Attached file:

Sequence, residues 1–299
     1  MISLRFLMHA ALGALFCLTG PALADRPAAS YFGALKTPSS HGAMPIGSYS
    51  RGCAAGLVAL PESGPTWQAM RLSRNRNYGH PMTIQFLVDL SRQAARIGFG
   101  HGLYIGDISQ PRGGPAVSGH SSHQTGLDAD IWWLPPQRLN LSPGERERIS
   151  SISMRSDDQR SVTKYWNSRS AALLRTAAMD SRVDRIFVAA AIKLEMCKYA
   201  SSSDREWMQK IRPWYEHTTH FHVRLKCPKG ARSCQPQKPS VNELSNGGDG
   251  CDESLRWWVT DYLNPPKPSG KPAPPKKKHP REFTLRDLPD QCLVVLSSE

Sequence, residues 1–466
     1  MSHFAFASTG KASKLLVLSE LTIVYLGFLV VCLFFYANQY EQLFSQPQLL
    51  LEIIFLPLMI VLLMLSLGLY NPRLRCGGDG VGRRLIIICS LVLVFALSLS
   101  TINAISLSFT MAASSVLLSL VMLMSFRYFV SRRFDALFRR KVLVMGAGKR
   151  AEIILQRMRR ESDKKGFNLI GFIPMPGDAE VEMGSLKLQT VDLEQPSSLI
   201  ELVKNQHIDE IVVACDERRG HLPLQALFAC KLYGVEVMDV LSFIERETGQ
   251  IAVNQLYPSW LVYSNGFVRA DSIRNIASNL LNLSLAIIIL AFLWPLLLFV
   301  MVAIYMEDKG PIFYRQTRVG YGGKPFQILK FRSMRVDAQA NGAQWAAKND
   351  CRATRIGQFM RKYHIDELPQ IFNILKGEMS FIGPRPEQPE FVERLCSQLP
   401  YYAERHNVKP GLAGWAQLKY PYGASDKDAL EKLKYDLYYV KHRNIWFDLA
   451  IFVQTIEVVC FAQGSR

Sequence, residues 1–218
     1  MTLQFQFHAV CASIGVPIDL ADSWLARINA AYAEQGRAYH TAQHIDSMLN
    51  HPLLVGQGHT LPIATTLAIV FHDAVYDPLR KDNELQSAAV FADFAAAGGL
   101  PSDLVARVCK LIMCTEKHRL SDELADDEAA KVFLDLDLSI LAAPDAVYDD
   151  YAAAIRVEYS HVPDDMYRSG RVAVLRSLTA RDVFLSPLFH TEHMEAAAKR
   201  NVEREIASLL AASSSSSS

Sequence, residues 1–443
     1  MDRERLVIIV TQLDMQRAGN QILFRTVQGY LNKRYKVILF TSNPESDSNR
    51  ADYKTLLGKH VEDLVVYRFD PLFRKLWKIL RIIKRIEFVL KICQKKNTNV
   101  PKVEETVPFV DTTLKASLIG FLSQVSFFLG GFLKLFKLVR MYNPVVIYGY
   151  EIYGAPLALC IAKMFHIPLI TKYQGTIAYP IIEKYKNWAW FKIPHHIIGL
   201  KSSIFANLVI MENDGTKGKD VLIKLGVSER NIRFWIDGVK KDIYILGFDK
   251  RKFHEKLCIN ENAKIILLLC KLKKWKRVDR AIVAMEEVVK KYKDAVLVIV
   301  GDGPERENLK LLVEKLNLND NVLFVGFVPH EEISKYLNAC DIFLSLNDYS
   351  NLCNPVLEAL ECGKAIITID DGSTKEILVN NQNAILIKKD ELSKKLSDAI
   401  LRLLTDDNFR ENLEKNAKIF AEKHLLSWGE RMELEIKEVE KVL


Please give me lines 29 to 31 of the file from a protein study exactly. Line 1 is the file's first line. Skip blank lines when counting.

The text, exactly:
   151  EIYGAPLALC IAKMFHIPLI TKYQGTIAYP IIEKYKNWAW FKIPHHIIGL
   201  KSSIFANLVI MENDGTKGKD VLIKLGVSER NIRFWIDGVK KDIYILGFDK
   251  RKFHEKLCIN ENAKIILLLC KLKKWKRVDR AIVAMEEVVK KYKDAVLVIV